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Early voting totals, Day One

Here’s the Day One early voting totals for Harris County, which you can compare to the 2009 totals here. My buddy Erik Vidor also put together a spreadsheet with 2005 and 2007 totals that you can see here. There’s a lot of numbers tro keep track of, so let’s go through them.

– The total number of votes tallied for a given day is the sum of “Total – In Person” and “Mail Ballots Returned”. This is how I do it in my 2009 spreadsheet, but for reasons unclear to me, it’s given as “Total – In Person” plus “Ballots Mailed” in the County Clerk file. So the proper comparison here is 4,636 votes for 2011 (2,557 In Person plus 2,079 Ballots Returned) to 6,162 for 2009, 2,638 for 2007, and 3,385 for 2005.

– Putting it another way, the Day One EV total for 2011 is 75.2% of the 2009 total. Project that out, and there would be 134,503 Houston votes cast in Harris County; compare to 178,777 in 2009. The actual totals are higher due to precincts in Fort Bend and Montgomery Counties. That’s considerably higher than my prediction, and even higher than Bob Stein’s prediction, which I thought was optimistic. It’s foolish to make projections based on one day, but based on this one day at least, there’s no clear evidence that this will be a historically low-turnout election. It will still be a low turnout affair at this pace, but it will be comparable to 2007, not a step down from it.

– One reason why it’s foolish to make projections based on one day is that the normal pattern for early voting is a slow first week and a very busy last couple of days. Things got a lot busier at the end in 2005 – the number of ballots cast on the last day of Early Voting exceeded the total of the first five days combined – but not nearly as busy in 2007 or 2009. That partly reflects the overall shift in voting behavior to early voting – in 2005, 26.4% of ballots cast in the city races were early, compared to 34.9% of ballots in 2009. The Double Secret Illegal Anti-Gay Marriage constitutional amendment ha a bif effect on turnout in 2005, but my point is simply that we should expect a greater percentage of the total vote to be cast early this year than it was then. My guess is the early vote will represent 35 to 40 percent of the final total.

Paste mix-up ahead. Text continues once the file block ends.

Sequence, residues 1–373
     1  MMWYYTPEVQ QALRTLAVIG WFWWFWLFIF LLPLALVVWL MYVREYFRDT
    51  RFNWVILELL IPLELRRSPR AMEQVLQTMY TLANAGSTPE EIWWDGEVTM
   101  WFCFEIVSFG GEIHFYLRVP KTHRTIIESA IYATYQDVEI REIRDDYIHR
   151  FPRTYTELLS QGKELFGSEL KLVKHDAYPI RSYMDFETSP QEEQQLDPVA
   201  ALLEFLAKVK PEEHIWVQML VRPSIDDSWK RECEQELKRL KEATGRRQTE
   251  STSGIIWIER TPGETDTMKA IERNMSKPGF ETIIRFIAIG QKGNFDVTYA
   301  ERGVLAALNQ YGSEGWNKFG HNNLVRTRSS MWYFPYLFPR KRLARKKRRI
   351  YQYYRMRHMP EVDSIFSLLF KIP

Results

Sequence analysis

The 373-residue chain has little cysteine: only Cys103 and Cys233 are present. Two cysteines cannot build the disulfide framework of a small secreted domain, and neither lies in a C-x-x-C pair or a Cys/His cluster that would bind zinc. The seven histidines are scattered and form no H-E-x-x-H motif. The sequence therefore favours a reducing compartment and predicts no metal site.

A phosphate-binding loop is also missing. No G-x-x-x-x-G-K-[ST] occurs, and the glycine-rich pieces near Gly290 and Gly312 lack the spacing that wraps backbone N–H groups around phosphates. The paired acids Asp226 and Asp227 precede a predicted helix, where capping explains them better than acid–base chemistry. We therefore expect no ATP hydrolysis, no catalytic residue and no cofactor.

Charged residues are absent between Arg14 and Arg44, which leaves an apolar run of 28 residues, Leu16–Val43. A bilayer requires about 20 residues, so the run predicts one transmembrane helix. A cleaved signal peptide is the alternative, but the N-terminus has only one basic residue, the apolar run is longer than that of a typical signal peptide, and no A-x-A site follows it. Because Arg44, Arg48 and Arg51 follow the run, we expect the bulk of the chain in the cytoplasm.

– Another thing to keep in mind is that the vote totals you see in those documents are from all of Harris County, not just Houston. In 2009, 69.5% of the votes cast in Harris County were City of Houston votes. In 2007, 63.6% of the votes were in Houston, and in 2005 only 56.9% of the vote share was Houston. There are no high profile Constitutional amendments on the ballot, so the Houston vote share will certainly be higher than it was in 2005, but the question is whether it’s more like 2007 or 2009, as that will affect the total vote outcome.

– On a side note, the total number of absentee ballots that had been mailed out by Day One of early voting in 2009 was 17,413, while that same number for 2011 is 12,041. However, there were more mail ballots returned by yesterday (2,079) than there were at this time on 2009 (2,073). There were 9,148 mail ballots returned by the end of early voting in 2009 out of 20,987 total mailed, or 43.6%. This year’s return total may be a bit higher than that.

That’s all for today. I’ll be keeping track of this going forward. So who’s voted yet?

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One Comment

  1. Joshua bullard says:

    “not so fast” i clearly informed every one that it will not be a low turnout-becuase of the massive amounts of canidates in each of the campaigns city wide and in every corner of the city,i was surprised that charles and his buddie still projected a very low turn out-they both could have gone fishing in galveston instead of doing all the number crunching-its rather elementary.lots and lots and lots and lots and lots of canidates=solid turn out, everytime.

    joshua ben bullard
    “to lazy to spell check”…………….